Friday, March 19, 2010

The Girl with Glass Feet

The Girl with Glass Feet by Ali Shaw

I was really pleased when I was offered an advanced reader copy of Ali Shaw's debut novel. I was intrigued by the synopsis. It seemed like just the kind of book I enjoy most.

The Girl with Glass Feet is the story of Midas Crook, a young man who uses his camera to shield him from the world, and Ida Maclaird, the titular character (and if there is a single protagonist it is Midas not Ida). The novel is also very much concerned with its setting, the strange, snowbound archipelago of St. Hauda's Land. The Girl with Glass Feet is a love story and a fairy tale; its also a bildungsroman.

I found The Girl with Glass Feet extremely compelling and I know it's a novel that I will want to read again. While my favorite thing about the novel were the descriptions of the creatures that Henry (a secondary character) is raising, I was also intrigued by the fate of Midas' father's manuscript and the implications of said fate.

The Girl with Glass Feet is atmospheric and sometimes dreamlike. It's not a cheery book, but it is ultimately redemptive. St. Hauda's Land is vividly imagined and hauntingly beautiful. The novel's characters, even when faced with the impossible, are authentic.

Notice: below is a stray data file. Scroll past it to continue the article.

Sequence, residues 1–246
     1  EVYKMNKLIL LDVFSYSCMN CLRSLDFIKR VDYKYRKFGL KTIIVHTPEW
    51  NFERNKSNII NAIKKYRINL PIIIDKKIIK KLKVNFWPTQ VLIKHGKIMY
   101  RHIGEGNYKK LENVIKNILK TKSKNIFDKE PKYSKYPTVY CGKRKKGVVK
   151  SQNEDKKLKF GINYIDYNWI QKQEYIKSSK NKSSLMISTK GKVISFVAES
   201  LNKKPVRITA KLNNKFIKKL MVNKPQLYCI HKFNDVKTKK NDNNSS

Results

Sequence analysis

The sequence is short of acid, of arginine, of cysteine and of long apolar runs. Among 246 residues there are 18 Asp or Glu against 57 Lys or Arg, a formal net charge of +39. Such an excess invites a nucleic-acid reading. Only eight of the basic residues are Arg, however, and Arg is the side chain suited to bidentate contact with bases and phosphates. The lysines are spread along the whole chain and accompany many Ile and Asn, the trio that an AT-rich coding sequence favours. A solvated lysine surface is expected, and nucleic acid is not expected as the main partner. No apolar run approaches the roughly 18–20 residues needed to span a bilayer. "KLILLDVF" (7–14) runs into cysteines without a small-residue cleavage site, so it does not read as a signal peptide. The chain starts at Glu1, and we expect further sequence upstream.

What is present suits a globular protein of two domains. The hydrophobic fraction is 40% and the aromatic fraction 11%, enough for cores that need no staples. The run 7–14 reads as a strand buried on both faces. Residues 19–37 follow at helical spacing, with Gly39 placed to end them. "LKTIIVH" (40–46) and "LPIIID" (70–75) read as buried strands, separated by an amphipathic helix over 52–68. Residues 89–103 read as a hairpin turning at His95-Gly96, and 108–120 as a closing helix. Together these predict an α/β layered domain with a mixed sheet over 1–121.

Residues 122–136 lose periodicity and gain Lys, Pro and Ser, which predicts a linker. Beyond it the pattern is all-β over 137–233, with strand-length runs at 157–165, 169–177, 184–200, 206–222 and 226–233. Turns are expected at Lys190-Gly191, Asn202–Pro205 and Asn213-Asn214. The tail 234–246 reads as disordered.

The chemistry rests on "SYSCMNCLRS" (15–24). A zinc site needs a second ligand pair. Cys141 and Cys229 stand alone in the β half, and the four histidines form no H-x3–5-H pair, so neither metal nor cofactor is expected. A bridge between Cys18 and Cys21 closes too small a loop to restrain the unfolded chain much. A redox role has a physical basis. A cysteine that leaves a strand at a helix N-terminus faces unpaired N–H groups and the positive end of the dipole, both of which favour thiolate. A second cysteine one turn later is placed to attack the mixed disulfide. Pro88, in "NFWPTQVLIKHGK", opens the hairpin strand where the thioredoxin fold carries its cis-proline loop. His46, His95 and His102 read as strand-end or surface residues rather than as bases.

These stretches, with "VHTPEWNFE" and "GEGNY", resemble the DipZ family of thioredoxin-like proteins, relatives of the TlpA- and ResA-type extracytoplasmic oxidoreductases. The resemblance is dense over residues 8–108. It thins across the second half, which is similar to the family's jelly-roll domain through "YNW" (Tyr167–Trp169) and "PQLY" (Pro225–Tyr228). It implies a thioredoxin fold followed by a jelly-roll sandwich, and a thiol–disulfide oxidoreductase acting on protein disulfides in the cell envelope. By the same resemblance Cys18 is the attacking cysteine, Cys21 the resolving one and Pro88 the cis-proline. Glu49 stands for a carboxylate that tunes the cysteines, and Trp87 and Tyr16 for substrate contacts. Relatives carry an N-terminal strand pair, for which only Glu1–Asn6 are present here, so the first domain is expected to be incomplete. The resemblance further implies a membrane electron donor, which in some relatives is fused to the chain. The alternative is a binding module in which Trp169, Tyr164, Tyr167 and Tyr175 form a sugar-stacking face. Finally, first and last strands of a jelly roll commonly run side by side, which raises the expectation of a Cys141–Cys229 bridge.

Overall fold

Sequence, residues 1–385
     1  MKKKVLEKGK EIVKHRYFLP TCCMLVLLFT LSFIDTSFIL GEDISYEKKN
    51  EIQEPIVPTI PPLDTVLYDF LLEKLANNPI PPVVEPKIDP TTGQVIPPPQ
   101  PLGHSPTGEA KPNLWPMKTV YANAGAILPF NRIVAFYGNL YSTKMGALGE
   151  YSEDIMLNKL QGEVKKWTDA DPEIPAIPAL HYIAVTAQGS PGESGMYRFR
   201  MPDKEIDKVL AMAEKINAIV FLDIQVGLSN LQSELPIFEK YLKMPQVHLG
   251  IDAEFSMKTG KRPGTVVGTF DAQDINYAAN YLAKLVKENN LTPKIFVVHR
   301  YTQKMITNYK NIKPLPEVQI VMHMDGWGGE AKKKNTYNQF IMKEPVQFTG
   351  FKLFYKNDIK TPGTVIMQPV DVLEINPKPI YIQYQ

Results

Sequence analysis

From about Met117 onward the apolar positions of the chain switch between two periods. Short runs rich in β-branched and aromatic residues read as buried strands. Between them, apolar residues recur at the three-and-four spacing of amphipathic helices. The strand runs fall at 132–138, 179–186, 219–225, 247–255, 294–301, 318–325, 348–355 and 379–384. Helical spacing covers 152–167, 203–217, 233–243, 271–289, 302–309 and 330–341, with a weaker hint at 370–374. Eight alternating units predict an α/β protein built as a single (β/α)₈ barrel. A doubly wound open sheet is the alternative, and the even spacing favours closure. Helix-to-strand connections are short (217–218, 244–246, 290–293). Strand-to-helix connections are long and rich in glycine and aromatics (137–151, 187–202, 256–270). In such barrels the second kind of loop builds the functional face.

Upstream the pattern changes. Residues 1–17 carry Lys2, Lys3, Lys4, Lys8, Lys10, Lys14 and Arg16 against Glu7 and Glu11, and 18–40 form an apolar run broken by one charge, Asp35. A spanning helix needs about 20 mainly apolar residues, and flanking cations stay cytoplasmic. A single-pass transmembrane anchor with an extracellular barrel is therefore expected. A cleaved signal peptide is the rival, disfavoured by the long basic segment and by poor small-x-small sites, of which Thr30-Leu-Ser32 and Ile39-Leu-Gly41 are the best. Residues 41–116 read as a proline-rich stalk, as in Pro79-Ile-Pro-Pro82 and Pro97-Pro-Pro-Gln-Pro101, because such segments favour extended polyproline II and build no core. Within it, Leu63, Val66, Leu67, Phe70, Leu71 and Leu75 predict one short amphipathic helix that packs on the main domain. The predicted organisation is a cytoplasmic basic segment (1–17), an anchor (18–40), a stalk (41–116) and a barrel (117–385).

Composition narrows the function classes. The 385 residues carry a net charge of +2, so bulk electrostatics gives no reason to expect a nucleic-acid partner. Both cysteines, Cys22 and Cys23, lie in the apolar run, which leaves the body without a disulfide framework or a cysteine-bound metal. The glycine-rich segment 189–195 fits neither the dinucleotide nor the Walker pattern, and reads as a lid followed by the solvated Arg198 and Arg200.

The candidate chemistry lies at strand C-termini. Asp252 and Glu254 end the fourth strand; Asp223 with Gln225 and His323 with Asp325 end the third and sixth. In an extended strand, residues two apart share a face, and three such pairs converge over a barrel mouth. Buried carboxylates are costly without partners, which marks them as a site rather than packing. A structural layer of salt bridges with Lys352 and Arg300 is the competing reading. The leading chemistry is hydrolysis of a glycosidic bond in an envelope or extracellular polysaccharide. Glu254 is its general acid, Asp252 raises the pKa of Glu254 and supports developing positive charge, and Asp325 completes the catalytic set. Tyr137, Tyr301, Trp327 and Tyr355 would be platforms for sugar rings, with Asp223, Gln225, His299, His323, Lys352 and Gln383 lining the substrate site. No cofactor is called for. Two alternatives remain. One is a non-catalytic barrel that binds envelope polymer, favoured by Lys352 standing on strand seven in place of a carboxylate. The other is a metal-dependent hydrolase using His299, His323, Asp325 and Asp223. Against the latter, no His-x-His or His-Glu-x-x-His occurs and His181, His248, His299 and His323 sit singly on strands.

When asked about his inspiration for the novel, he replied:
I remember being on an escalator in a railway station when I suddenly saw in my mind a girl with feet made of glass. I couldn’t tell you whether something prompted it – the image is the most vivid thing I can remember about that railway station. I got home and started exploring it, asking what kind of person had feet made of glass, and how on earth would she cope? And I loved the idea that she hadn’t always had feet of glass, but that slowly they had transformed into it. Which of course meant the rest of her body was in danger of turning into glass as well.
Shaw's sketches for the book on the publisher's website. The sketches don't appear in my advanced reader copy and I'm not sure that they'll appear in the published version, but they are quite interesting to see.

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